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How the Wet Was Won : TVA's Water Productions Make a Splash

March 05, 1997|EVELYN IRITANI | TIMES STAFF WRITER

Southern California entrepreneur Jeffrey Goddard is exporting water, in a manner of speaking. His Studio City-based TVA, the Video Agency, is marketing multimedia water shows to theme park operators around the world, particularly Asia.

He calls it a dive-in, a high-tech show projected onto water screens. Viewers can watch from the edge of the pool or even enjoy the theatrics as they float on inner tubes.

TVA, whose annual revenue exceeds $1 million, is one of a handful of companies involved in this new form of entertainment. The water screens are created by projecting 3-D computer-generated images onto a fan-shaped curtain of water, as large as 120 by 60 feet.

So far, Goddard's firm has produced five water-screen shows, including the world's largest water-screen production, for a theme park in Shanghai. In Dubai, the operators of Wonderland Family Fun Park are attracting close to 20,000 people a night to their 70-millimeter water-screen attraction, which depicts a journey from outer space to the Caribbean.

"This is an incredible way to keep the crowds coming," said Goddard, who lived in Japan as a Mormon missionary before starting his career in advertising in 1983 in Tokyo.

Indeed, the appetite for American fun and fantasy is growing. Tim O'Brien, an editor at Nashville-based Amusement Business, said the hottest markets for theme parks, particularly water parks, are Asia and Latin America.

The economic growth in many Asian countries has created a large and increasingly sophisticated middle-class population willing to pay big for designer names and glitzy entertainment.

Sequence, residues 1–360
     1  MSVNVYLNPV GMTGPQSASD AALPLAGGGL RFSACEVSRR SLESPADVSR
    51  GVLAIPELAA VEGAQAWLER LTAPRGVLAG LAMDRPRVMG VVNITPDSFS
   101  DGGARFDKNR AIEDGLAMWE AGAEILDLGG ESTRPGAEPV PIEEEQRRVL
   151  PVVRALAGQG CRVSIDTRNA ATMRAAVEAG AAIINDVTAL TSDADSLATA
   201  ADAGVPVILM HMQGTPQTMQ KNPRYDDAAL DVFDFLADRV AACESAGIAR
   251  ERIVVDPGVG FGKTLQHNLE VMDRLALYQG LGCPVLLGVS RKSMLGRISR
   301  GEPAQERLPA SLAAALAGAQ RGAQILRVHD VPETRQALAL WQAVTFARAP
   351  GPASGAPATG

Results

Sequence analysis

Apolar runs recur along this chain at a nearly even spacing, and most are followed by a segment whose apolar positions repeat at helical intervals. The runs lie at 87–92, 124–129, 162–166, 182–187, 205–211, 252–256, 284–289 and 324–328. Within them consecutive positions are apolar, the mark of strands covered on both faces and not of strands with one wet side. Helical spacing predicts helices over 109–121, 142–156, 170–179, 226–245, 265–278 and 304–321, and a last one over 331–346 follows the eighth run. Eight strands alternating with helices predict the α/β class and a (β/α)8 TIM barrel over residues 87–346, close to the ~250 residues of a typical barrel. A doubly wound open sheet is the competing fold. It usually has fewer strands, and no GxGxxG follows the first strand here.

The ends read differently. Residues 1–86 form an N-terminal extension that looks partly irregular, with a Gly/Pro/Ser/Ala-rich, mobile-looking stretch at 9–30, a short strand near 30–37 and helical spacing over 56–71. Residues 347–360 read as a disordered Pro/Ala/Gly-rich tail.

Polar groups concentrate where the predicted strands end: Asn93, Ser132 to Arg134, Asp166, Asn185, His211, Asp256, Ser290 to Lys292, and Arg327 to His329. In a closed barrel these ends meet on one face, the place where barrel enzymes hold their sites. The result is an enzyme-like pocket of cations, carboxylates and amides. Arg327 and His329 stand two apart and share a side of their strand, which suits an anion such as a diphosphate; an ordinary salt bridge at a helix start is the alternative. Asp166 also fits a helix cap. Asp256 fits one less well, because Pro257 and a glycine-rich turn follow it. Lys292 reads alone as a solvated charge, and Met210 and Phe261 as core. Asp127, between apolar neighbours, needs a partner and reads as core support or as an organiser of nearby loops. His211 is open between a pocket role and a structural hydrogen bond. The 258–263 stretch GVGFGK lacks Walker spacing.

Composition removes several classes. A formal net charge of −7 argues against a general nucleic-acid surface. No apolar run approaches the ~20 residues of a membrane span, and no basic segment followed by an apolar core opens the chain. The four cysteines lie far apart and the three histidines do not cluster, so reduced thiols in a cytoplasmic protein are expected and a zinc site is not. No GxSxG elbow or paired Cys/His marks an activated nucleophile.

O'Brien said Walt Disney Co. pioneered the concept of water screens, which have become the flavor of the month at theme parks around the country.

"People love spectaculars," he said.

This is not cheap entertainment. The price tag for a production ranges from $450,000 to $800,000. The computer-generated graphics, which can cost as much as $5,000 a second to produce, are projected onto a mist created by giant pumps. Live performers, lasers and pyrotechnics are also often incorporated into the show.

TVA is producing a water-screen show for a Thai shopping mall operator that involves a battle between a live performer and a gigantic dragon that rises out of the water and shoots laser bolts from its eyes.

"Virtually any company or group that has access to water can have an instant Imax-style theater at a fraction of the cost," Goddard said.

Theme park operators are happy with the water-screen shows because they keep visitors around longer. The projections must be done in the dark.

"The longer they stay, the more money they [park operators] make," Goddard said. "When people are tired, they buy tons of food and souvenirs."

Meeting the demand for bigger and better fantasies is one of TVA's biggest challenges.

"As people become more visually sophisticated, they have increasing levels of impact and uniqueness," he said. "They need higher visual fixes."

Times staff writer Evelyn Iritani can be reached via e-mail at evelyn.iritani@latimes.com or by fax at (213) 237-7837.

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